The pulpit was moved to its original location at the south wall. This is a three-tier pulpit, with the floor-level box being occupied by a clerk whose job was to lead the singing of hymns and to tickle anyone who fell asleep (notice the feather mounted on a long pole in the photo below). The second tier was used by the minister when reading the Scripture. When it came time to give the sermon, he used the uppermost box.

Three-tier pulpit at Saint Paul's Church

Three-tier pulpit at Saint Paul’s Church

The original windows were clear glass, but over the years wealthy people were able to donate and have a stained glass window installed in their honor. All of these were removed during the renovation and replaced with clear glass. The existing stained glass window was reinstalled in 1999. It was funded by the Drake Family, one of the early families to live in Eastchester.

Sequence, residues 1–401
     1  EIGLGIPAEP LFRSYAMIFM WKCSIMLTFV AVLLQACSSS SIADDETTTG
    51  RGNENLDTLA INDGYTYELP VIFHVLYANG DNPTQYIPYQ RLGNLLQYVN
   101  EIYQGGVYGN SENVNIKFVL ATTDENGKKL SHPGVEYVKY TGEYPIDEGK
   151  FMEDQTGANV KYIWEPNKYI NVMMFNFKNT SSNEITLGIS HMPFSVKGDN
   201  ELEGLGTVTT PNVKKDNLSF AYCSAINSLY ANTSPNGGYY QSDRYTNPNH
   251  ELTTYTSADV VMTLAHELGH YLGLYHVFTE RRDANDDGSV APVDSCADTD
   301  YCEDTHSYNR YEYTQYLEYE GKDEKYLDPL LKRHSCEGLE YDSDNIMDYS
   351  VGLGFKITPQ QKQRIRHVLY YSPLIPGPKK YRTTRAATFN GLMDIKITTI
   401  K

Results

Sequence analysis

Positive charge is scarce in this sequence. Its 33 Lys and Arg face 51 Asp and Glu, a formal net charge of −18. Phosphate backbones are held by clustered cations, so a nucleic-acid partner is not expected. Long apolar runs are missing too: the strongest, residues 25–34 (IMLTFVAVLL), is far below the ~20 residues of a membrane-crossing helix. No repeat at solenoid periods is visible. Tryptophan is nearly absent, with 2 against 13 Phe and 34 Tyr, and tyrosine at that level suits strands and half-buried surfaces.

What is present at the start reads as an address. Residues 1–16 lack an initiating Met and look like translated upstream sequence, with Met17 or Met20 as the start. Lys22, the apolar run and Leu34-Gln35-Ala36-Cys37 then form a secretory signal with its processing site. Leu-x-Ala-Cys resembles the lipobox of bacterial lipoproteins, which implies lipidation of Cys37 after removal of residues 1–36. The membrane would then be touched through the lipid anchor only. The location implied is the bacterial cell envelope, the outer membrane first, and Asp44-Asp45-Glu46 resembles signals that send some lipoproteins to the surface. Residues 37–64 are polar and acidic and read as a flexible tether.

Stained glass window funded by the Drake Family

Stained glass window funded by the Drake Family

Other interesting features of the church include two models built in 1865. These show an addition that was added to the rear of the building in the 1850s that was used as a vestry room and Sunday school. During the 1942 renovation, the wall separating the addition from the main sanctuary was removed and the alter and chancel were installed, though I don’t know why since the renovation was supposed to restore the church to its original appearance.

Model of the church from 1865

Model of the church from 1865

Alter and chancel now sit in the 1850s addition to the rear of the building

Alter and chancel now sit in the 1850s addition to the rear of the building

Alter and chancel

Alter and chancel